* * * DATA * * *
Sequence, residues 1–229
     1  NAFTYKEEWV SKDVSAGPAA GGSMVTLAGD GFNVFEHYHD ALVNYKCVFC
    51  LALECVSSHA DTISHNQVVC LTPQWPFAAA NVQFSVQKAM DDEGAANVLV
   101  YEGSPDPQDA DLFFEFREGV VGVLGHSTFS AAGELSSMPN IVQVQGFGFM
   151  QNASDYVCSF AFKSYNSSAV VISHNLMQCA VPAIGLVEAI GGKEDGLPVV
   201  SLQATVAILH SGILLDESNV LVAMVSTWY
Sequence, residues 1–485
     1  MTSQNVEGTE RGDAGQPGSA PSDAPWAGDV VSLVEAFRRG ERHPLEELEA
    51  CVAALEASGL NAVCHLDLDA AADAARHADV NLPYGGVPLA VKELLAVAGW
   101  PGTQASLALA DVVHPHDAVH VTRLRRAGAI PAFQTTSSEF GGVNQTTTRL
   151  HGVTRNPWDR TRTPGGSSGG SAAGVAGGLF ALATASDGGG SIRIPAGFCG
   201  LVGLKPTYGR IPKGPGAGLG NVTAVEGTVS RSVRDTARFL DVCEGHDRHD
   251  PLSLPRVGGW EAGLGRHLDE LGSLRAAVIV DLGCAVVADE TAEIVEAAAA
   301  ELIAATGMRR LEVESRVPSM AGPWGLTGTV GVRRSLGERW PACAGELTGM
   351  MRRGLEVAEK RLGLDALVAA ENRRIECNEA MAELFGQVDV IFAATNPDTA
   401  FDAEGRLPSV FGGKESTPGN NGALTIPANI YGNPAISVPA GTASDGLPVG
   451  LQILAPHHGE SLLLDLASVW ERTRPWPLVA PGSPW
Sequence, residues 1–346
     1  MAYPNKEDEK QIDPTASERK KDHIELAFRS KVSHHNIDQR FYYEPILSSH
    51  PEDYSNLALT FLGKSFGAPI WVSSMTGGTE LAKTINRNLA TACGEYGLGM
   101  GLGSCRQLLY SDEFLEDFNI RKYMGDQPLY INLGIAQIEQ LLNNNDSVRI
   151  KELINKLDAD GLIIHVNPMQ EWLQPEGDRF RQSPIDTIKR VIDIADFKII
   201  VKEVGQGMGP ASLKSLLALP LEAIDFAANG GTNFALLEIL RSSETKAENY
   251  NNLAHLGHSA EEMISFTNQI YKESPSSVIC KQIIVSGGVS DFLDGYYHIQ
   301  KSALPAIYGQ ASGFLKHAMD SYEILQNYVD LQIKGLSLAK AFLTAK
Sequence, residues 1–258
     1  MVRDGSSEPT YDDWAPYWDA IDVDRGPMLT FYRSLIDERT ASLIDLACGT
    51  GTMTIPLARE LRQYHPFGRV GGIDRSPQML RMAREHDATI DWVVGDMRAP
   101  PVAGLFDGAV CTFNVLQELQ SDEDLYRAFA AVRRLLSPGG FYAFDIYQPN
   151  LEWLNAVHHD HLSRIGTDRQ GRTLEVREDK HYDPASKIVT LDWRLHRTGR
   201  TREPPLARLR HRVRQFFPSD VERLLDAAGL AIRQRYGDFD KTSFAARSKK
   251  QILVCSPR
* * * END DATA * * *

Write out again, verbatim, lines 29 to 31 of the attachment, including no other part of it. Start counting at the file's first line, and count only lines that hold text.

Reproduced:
   101  PVAGLFDGAV CTFNVLQELQ SDEDLYRAFA AVRRLLSPGG FYAFDIYQPN
   151  LEWLNAVHHD HLSRIGTDRQ GRTLEVREDK HYDPASKIVT LDWRLHRTGR
   201  TREPPLARLR HRVRQFFPSD VERLLDAAGL AIRQRYGDFD KTSFAARSKK